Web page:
You can go years and years without a car accident, but it’s highly unlikely that you’ll go your entire life without being involved in one. And should you find yourself in an accident – whether a minor fender bender or major collision – it’s important that you know how to respond to protect your best interests.
Here’s How You Respond After Your Car Accident
A car accident is something that doesn’t happen often (hopefully), so it’s easy to forget what you’re supposed to do. If you’re trying to figure it out on the fly, you’ll probably be too flustered to respond in the appropriate manner. So, before you get too far ahead of yourself, remember to do the following.
1. Check For Injuries
Before you do anything else, check for injuries. Start with yourself and then tend to the passengers in your vehicle. It’s important that you do a visual check. You might feel fine, but the adrenaline from the accident could temporarily numb pain associated with an injury. If everyone in your vehicle is fine, turn your attention towards the other vehicles in the accident. Check to make sure they’re fine.
(As a note, make sure you’re cordial with the other individuals involved in the accident. No matter who’s to blame, now is not the time to get angry and start making accusations.)
2. Call 911
“It is critical to have a police report documenting the car accident. Summon the police and wait for them to arrive,” attorney Ben Cochran advises. “You should contact police regardless of the severity of the accident. Do not let another motorist talk you out of reporting the accident. Insurers will give weight to the police accident report in assessing a claim.”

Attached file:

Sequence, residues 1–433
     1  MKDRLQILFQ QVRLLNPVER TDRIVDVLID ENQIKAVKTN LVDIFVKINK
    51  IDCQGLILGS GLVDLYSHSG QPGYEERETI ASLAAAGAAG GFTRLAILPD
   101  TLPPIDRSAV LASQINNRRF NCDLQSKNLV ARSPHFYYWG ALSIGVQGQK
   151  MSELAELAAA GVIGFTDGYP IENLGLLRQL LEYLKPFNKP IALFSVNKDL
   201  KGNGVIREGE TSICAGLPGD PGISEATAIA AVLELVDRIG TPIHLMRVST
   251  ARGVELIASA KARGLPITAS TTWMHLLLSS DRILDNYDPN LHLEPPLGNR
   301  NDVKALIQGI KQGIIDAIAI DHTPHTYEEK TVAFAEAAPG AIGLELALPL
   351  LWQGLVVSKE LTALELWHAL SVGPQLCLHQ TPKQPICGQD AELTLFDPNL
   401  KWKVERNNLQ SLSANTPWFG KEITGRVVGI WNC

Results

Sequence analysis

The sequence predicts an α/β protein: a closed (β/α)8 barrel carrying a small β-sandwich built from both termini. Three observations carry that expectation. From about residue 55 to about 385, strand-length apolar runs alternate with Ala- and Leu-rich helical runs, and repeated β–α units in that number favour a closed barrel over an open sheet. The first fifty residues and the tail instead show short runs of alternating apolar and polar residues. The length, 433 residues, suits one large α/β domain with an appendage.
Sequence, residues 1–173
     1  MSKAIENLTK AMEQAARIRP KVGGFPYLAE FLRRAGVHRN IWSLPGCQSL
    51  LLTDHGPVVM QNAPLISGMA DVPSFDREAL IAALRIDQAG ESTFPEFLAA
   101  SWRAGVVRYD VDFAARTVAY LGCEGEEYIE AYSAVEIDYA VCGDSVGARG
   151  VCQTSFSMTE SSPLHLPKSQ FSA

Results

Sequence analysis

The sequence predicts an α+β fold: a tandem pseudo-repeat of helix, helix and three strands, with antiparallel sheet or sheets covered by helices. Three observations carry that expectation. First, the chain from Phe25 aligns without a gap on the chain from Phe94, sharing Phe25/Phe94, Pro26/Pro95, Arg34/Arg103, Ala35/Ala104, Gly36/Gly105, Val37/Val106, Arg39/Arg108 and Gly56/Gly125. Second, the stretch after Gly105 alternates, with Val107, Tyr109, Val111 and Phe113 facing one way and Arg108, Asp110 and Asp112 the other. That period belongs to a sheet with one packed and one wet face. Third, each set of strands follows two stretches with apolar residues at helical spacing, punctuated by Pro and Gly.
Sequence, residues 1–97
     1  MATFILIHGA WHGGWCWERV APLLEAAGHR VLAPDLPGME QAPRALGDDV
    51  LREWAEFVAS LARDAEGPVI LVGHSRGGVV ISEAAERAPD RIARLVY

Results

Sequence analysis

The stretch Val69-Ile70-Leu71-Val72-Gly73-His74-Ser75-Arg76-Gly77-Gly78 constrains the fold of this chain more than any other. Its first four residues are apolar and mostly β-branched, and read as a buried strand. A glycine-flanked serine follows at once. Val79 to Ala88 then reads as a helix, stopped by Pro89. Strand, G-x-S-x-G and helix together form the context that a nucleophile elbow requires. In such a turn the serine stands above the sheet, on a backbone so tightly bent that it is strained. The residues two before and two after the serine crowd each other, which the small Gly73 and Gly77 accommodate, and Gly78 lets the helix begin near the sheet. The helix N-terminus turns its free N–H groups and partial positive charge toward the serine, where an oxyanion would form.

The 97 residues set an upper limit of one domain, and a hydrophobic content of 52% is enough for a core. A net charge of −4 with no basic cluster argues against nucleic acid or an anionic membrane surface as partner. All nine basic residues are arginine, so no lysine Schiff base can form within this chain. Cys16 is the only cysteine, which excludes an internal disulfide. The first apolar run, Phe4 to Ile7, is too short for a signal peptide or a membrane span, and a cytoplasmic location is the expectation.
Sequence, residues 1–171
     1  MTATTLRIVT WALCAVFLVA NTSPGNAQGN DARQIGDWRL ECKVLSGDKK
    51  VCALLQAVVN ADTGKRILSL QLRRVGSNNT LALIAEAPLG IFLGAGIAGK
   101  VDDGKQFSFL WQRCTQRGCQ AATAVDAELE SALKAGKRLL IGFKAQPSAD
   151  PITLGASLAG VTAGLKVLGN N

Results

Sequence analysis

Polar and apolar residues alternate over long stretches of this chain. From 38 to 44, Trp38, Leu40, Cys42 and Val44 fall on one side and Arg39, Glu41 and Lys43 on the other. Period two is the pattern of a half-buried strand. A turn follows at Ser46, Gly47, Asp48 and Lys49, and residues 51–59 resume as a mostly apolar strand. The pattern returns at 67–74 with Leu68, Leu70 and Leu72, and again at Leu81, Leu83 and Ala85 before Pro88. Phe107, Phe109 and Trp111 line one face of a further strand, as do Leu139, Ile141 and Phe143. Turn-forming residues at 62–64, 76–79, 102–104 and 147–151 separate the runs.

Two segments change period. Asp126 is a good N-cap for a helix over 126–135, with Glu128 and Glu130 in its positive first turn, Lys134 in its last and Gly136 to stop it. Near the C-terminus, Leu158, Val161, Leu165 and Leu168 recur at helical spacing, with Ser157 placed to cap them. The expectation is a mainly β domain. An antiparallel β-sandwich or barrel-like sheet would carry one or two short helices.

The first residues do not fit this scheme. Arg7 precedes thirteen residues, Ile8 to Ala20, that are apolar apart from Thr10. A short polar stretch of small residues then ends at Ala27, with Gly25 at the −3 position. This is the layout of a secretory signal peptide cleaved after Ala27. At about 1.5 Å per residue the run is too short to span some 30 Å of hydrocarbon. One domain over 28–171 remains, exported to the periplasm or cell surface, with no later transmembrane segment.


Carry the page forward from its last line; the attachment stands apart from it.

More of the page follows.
While you might think it’s overkill – especially in a fender bender – it’s better to be safe than sorry. Injuries will often emerge hours or days later and you don’t want to be in a situation where you’re without a police report to corroborate what happened.
3. Gather Your Information
While waiting for the police to arrive on the scene, gather your information. This includes your driver’s license, vehicle registration, and proof of insurance. The police officer on the scene will ask for these documents, so having them handy will expedite the process.
4. Gather Evidence
Now is also a good time to begin gathering evidence after your car accident. Grab your phone and take some pictures of the scene. This includes pictures of your vehicle, the other vehicles, and the orientation of the accident scene. If you have injuries, you might want to document these as well. If you’re afraid you’ll forget details later (which often happens), write down or record a recap of the incident on your phone.
5. Avoid Admitting Fault
Whatever you do, avoid admitting fault after an accident. It doesn’t matter if you’re clearly in the wrong or not, it’s best to remain silent. Even when talking to the police, you’re better off discussing the facts and leaving it at that. You never know what direction a case will take and it’s best to avoid incriminating statements.
6. Contact An Attorney For Guidance
Finally, contact an attorney for further guidance on how to deal with the police report, insurance claims, repairs, and possible medical bills. Depending on the severity of the accident, the aftermath could be complex.
Life Happens – Be Prepared
It doesn’t matter how safe and cautious you are, how many defensive driving classes you’ve taken, or what your driving history is like, you – like anyone else – can end up in an accident. It’s impossible to totally insulate yourself. Other drivers are involved, the elements can be unpredictable, and you just never know what you’re going to get. By being prepared for the worst, you can deal with whatever comes your way.
If you are interested in even more car-related articles and information from us here at Bit Rebels then we have a lot to choose from.